bull crap. 4" of lift works just fine with short arms, if it's setup right.

the major benefit of longer arms is at greater travel ratios, because the axles don't "steer" as much and the spring/shock/bumpstop alignment stays better for longer throughout the cycle. and then at some point, the spring unseats and even falls out. and then what good is it?


mid arms are better if they're setup right and you intend to use the benefits. but that said, short arms can work great too - plenty of folks smarter than you or me have been doing it well for years in all sorts of nasty terrain, with 12"+ travel shocks.


x2 on this.

to elaborate - it depends how detailed you want to get. You can get a pretty damn good suspension while still using short arms and the stock mounts. To get that extra little bit requires a ***** load of fabrication, and sadly many people won't even notice the difference....whether that be because they aren't astute enough to notice or they don't wheel where it really matters.
A. If your lifting a few inches, you adjust the lower out not just to retain caster, but to retain wheelbase in the process as well. Its 2 fold isn't it?

B. As for full stuff things not lining up correctly, I get that, but then maybe the best solution(not always the easiest mind you)is to move some of the component mounts. Bumpstops don't line up? Remount the trackbar and frame spring/shock perches....move em forward a fraction of an inch. Not too hard to do with grinder and MIG. Or maybe go the opposite direction by moving the lower frame control arm mount back a bit since the lower arms a getting lengthened a bit. Maybe make it a bit more "low profile" in the process. Im actually suprised no one has mentioned doing that....probably the easiest thing to do to keep the axle lined up at full stuff. Cut off, modify or replace and remount the LCA frame mount back just a bit further.

C. Maybe so stock, but that is because at stock the arms ride parallel to begin with(so they extend at the farthest point forward already.....when you lift the arms pull the axle down and back a bit). I get this. Which is why SA's probably only make sense up to a certain lift height. A few people here locally think that theyt only make sense for a few inches for all things to work correctly and line up still as stated above.......trust me other people see the same big picture your trying to present towards me........which I get......just that some people who also have the same views thinks that SA's have quicker limitations in terms of ride height than maybe you or others feel before seriously thinking about custom or long arm setups, thats all.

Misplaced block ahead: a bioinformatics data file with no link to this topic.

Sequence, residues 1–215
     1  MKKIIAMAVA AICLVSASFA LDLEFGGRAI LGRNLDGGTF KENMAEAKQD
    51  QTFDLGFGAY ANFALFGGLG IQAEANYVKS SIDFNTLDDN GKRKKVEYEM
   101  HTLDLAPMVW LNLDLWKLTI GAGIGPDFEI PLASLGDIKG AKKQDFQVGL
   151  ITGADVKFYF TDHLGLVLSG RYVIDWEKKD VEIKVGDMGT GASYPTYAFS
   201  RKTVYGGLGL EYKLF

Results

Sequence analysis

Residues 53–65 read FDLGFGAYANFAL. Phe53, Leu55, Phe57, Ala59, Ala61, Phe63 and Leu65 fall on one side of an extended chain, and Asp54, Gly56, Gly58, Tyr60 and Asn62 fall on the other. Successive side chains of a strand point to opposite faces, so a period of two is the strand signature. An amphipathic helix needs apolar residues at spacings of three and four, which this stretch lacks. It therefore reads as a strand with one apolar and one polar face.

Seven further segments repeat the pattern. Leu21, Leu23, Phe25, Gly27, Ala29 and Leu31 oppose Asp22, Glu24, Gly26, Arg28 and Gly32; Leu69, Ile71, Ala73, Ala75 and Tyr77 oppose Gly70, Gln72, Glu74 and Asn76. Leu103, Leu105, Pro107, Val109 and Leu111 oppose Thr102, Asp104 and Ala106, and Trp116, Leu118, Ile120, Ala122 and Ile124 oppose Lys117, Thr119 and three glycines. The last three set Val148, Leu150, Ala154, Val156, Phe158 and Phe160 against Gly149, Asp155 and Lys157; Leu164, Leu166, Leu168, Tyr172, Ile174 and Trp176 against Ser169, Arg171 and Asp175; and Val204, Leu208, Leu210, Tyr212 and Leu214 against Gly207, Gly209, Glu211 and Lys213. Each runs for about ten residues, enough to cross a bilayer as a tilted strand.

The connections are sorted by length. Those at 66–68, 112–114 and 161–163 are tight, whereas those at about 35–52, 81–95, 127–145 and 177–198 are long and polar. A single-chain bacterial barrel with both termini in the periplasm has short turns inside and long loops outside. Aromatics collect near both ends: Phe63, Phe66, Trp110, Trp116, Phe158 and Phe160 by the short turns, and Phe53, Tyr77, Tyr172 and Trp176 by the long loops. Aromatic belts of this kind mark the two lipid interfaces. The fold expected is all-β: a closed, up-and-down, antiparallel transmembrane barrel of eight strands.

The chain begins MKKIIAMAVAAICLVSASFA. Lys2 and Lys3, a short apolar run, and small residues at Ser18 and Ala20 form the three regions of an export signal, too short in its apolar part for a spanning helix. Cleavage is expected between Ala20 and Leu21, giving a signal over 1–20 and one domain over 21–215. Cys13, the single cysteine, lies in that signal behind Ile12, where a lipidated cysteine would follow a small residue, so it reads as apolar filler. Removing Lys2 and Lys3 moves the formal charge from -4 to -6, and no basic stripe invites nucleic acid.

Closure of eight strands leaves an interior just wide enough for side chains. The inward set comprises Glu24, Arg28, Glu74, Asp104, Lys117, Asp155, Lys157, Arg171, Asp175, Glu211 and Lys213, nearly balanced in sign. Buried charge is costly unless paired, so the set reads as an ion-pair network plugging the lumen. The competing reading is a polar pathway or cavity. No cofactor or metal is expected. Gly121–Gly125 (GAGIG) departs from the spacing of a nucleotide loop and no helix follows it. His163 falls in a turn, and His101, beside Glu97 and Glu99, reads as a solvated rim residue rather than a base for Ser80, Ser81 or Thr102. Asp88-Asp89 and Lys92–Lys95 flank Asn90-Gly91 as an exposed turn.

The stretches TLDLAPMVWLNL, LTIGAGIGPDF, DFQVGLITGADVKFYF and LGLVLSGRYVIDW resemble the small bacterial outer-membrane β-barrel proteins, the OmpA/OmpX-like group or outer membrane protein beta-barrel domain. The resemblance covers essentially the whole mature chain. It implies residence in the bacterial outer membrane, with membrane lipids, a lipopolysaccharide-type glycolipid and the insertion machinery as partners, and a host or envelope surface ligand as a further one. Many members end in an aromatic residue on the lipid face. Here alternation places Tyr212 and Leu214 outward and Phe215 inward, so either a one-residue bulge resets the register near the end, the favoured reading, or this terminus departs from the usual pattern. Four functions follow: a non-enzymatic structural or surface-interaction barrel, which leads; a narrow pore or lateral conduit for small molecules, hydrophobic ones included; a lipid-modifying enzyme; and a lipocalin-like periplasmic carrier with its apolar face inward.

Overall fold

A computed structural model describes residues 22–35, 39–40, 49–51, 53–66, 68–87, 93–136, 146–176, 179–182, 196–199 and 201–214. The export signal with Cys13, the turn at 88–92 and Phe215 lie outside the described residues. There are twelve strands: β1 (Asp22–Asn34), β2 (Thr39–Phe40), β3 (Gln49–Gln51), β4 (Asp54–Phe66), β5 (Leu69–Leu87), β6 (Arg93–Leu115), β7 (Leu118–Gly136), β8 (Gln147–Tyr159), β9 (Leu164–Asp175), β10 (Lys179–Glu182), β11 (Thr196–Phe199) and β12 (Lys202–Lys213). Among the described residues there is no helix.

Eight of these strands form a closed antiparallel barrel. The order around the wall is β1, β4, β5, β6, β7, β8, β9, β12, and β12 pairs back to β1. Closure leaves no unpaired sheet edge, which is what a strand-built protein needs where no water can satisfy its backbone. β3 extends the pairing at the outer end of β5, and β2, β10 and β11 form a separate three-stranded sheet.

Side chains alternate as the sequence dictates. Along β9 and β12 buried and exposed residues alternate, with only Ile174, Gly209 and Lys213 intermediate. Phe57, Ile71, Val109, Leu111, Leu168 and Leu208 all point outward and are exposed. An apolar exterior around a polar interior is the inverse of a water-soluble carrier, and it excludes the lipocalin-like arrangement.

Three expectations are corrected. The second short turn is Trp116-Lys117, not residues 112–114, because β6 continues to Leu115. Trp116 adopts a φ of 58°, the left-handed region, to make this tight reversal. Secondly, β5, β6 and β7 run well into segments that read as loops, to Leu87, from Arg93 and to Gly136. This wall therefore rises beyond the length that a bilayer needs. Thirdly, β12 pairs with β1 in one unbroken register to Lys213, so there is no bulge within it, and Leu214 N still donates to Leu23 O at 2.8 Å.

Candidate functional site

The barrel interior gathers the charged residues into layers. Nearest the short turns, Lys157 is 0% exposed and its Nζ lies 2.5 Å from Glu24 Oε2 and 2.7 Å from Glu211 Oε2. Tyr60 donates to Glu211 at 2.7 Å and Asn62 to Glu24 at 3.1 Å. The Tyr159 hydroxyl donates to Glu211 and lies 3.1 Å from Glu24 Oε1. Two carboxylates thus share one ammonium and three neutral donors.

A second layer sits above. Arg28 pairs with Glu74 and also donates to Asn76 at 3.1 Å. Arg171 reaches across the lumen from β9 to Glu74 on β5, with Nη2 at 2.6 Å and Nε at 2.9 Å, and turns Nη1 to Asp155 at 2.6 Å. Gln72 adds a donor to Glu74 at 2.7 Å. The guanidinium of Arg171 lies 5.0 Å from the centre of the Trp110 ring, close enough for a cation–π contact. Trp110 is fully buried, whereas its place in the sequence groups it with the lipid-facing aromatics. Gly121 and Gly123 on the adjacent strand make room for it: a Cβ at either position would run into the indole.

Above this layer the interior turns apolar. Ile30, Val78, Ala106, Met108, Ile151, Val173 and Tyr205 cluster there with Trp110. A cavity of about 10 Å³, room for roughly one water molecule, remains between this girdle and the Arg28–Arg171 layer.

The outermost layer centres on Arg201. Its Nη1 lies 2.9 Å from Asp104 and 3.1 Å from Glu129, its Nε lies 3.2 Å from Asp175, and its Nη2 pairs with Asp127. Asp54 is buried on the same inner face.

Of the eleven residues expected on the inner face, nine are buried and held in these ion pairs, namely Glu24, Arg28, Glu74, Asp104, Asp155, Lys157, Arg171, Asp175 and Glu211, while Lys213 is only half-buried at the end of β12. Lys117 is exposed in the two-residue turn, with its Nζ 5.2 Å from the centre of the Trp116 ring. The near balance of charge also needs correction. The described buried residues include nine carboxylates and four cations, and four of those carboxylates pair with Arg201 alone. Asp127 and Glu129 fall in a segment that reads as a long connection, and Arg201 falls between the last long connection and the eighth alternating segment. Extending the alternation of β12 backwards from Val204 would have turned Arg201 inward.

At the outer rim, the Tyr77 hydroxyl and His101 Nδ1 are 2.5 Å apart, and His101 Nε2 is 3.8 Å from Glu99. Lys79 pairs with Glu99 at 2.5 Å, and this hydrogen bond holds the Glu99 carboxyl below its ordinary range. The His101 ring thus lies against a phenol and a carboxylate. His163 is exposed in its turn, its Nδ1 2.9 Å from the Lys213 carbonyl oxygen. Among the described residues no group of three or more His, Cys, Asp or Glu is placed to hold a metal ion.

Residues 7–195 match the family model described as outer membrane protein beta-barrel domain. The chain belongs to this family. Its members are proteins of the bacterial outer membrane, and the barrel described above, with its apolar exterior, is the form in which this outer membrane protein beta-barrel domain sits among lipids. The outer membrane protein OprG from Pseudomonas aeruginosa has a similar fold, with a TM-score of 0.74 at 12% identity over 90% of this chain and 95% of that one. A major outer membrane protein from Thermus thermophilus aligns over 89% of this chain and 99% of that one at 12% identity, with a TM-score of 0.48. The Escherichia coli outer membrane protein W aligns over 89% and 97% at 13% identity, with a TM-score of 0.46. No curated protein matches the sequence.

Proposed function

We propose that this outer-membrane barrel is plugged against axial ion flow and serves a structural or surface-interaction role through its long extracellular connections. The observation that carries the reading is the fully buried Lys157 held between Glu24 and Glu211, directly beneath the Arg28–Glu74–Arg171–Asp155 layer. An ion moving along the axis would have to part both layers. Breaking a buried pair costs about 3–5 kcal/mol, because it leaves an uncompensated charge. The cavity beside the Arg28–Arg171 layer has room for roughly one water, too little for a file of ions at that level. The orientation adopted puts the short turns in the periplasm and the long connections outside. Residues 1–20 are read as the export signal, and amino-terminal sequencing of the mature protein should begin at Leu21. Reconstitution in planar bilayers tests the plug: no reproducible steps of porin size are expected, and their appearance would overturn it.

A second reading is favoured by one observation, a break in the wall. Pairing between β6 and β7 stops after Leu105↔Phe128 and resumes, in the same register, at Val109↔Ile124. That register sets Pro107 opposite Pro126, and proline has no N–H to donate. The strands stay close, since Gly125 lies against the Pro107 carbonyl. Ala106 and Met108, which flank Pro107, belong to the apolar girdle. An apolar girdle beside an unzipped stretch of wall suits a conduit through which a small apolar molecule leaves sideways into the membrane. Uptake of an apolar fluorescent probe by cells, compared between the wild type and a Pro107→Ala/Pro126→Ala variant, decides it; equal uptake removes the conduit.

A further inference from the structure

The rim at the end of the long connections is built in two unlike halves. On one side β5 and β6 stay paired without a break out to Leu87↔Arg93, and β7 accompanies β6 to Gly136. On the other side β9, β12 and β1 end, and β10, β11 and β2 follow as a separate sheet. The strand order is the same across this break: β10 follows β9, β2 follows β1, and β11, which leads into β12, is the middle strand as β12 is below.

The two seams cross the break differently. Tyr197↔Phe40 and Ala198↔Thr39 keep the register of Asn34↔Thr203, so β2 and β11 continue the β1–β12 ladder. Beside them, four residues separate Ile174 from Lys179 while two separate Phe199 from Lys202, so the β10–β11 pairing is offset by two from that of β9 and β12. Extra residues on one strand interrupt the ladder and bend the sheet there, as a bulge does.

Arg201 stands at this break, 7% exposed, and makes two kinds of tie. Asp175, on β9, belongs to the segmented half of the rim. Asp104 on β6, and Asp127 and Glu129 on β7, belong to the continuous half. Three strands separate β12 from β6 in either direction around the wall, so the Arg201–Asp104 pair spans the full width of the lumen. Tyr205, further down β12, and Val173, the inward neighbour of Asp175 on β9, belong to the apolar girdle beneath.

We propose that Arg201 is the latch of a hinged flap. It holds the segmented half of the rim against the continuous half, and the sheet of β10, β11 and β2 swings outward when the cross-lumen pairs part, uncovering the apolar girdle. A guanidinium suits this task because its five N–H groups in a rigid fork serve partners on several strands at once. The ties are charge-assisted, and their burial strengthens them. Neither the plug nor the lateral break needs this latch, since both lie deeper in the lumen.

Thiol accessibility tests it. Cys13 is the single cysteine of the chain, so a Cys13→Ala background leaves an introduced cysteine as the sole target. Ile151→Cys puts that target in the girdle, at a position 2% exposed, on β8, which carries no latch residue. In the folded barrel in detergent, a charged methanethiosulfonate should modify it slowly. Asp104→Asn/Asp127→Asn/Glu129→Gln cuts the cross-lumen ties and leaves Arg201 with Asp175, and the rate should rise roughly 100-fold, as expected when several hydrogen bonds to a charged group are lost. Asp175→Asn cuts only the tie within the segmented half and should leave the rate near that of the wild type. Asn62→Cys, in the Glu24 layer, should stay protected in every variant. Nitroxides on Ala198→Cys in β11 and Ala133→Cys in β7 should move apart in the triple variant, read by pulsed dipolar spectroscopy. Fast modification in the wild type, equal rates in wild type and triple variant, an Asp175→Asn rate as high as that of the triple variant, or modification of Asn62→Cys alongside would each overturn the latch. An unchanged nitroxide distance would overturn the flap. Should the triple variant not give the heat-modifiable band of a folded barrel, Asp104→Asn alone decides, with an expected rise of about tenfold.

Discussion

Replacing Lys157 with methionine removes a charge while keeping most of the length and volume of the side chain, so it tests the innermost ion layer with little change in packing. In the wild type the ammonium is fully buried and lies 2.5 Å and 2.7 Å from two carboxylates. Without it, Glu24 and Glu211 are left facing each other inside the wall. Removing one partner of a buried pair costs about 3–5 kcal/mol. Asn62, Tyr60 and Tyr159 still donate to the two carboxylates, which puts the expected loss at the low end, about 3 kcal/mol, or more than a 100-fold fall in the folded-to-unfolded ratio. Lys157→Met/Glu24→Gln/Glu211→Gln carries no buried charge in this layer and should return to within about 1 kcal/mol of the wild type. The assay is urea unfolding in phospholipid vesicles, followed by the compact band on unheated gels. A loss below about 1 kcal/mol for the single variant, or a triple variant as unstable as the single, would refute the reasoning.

D. 4" may work just fine, but some people locally feel that at that lift height and higher, there are better solutions than stock SA's using stock mounting points. Getting a bigger picture from this thread I'm starting to agree as well. Not that bolt on 4" SA setups cant be done, or done well, but that there are better alternatives if doing it "right" is the main goal......of course that means lots of cutting and welding.........but thats the tradeoff for those who want to go the full 9 yards.

E. And your last "axle steer"/bumpstop alignment comment concerning custom or longer arms pretty much enforces that fact above. When you start getting into long travel suspension......for things to line up better, get less negative effects of jacking/steer of the axles.......SA's only go so far........custom or LA's have significant advantages.......
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Unread 10-31-2012, 09:31 AM   #1364
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A. If your lifting a few inches, you adjust the lower out not just to retain caster, but to retain wheelbase in the process as well. Its 2 fold isn't it?
You're almost there but you're still not thinking about this right. If you lengthen the lowers only, you're rotating the housing around the upper control arm bolts. The whole axle isn't moving forward, it's just being rotated. Your'e not gaining squat in terms of wheelbase, only caster.
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B. As for full stuff things not lining up correctly, I get that, but then maybe the best solution(not always the easiest mind you)is to move some of the component mounts. Bumpstops don't line up? Remount the trackbar and frame spring/shock perches....move em forward a fraction of an inch. Not too hard to do with grinder and MIG. Or maybe go the opposite direction by moving the lower frame control arm mount back a bit since the lower arms a getting lengthened a bit. Maybe make it a bit more "low profile" in the process. Im actually suprised no one has mentioned doing that....probably the easiest thing to do to keep the axle lined up at full stuff. Cut off, modify or replace and remount the LCA frame mount back just a bit further.